Government watchdogs in Israel are warning about the negative consequences for free speech should the parliament pass legislation known as the “Facebook bill,” which is expected to come up for a vote next week.
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First proposed in 2016 and soon endorsed by government ministers, the law would allow a court to order social media networks to remove content deemed to be inciting terrorism without the current due process requirements.
“The law will be used to censor political express, public protests and criticism of the government,” watchdog groups wrote in a letter to a joint parliamentary committee tasked with reviewing the bill before it is presented to the full body of lawmakers. The letter was drafted by Israel Democracy Institute, a nonprofit focused on civil liberties and governance issues.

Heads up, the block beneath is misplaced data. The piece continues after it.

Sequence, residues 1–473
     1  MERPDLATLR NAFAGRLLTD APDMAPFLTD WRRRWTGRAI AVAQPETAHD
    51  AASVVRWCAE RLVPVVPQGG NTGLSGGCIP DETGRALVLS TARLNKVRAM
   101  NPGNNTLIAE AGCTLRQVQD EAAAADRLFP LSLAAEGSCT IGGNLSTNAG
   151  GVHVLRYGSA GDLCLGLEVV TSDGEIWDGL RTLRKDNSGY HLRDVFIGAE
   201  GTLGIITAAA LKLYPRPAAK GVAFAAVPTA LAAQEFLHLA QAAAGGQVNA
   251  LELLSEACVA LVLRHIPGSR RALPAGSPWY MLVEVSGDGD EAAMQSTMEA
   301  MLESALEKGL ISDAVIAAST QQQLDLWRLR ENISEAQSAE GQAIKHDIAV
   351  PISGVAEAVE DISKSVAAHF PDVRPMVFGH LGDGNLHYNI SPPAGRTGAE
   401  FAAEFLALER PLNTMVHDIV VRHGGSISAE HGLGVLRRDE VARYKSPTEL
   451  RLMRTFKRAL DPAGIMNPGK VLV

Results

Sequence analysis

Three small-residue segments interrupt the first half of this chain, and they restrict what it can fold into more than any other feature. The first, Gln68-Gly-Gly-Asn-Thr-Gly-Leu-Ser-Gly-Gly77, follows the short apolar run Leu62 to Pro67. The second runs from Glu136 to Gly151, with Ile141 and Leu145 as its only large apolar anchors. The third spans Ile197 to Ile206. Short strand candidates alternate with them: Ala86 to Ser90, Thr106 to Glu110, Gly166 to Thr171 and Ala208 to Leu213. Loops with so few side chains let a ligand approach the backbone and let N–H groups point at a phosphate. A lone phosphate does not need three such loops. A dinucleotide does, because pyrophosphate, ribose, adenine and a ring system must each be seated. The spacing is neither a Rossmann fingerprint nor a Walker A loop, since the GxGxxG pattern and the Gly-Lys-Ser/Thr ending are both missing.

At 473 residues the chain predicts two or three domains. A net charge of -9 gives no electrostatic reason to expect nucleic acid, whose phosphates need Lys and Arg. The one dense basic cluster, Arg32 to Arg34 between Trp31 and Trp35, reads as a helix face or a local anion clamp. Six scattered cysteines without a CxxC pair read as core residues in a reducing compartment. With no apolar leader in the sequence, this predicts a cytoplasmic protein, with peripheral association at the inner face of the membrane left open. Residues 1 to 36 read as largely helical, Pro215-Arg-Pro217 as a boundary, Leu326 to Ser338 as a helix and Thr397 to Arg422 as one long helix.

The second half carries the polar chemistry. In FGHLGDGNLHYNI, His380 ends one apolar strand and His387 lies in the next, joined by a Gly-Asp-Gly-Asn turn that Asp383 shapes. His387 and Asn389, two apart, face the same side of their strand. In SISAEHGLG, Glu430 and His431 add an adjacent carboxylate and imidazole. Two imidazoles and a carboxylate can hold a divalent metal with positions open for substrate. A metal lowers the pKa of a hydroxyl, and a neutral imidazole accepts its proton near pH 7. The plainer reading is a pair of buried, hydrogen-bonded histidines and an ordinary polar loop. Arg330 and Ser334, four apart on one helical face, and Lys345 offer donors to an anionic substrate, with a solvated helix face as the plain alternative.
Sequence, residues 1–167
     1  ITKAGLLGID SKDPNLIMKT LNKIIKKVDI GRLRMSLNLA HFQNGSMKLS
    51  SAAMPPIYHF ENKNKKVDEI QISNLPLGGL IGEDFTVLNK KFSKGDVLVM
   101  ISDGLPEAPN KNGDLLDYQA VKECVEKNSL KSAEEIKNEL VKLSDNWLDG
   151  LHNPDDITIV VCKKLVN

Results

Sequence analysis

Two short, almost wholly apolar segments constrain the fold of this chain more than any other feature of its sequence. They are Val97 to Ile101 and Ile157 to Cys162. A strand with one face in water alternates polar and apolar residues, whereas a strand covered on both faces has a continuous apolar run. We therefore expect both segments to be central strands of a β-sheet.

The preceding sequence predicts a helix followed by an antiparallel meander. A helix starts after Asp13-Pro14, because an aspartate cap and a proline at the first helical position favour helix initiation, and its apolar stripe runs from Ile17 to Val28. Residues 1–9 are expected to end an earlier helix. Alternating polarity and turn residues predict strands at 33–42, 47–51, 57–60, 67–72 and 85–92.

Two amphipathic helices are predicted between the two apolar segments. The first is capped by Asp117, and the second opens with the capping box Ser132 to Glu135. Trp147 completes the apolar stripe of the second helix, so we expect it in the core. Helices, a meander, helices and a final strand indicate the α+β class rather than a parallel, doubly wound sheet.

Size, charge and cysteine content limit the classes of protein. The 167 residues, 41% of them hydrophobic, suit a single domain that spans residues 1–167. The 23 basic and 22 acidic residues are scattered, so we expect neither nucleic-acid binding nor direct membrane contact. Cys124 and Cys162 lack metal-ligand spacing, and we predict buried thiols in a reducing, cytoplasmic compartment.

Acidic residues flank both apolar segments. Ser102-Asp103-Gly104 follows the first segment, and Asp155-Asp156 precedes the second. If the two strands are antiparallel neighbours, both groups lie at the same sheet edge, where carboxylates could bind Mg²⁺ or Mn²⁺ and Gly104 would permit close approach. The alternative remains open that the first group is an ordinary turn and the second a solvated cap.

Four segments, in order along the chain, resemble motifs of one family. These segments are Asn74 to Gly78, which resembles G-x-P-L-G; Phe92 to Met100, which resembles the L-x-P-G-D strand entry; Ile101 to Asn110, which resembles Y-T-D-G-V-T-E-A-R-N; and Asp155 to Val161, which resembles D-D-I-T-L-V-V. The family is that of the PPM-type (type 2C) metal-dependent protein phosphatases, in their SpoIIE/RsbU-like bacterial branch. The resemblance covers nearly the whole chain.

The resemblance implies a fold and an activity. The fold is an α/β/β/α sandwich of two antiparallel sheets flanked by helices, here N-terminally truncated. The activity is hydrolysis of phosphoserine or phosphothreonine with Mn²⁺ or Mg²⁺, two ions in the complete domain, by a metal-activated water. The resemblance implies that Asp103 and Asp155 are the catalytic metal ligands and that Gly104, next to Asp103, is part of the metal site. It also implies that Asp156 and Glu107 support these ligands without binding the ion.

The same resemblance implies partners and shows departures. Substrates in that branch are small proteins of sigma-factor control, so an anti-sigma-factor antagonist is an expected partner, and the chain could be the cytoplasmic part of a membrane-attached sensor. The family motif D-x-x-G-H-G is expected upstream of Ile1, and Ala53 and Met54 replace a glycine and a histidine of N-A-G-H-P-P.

“The bill reflects a need to deal with harmful content published on social media but it does so in too broad with potential to cause more harm,” the letter says. “The bill allows for a level in invasiveness that does not exist in any other democratic country.”
The bill would allow prosecutors and government attorneys to fast-track a court petition and have content removed if it threatens to endanger public safety, national security, the life of an individual, or the country’s economy and infrastructure.
Facebook and other social networks already collaborate with the Israeli government, voluntarily accepting the vast majority of requests to remove content Israel calls online incitement.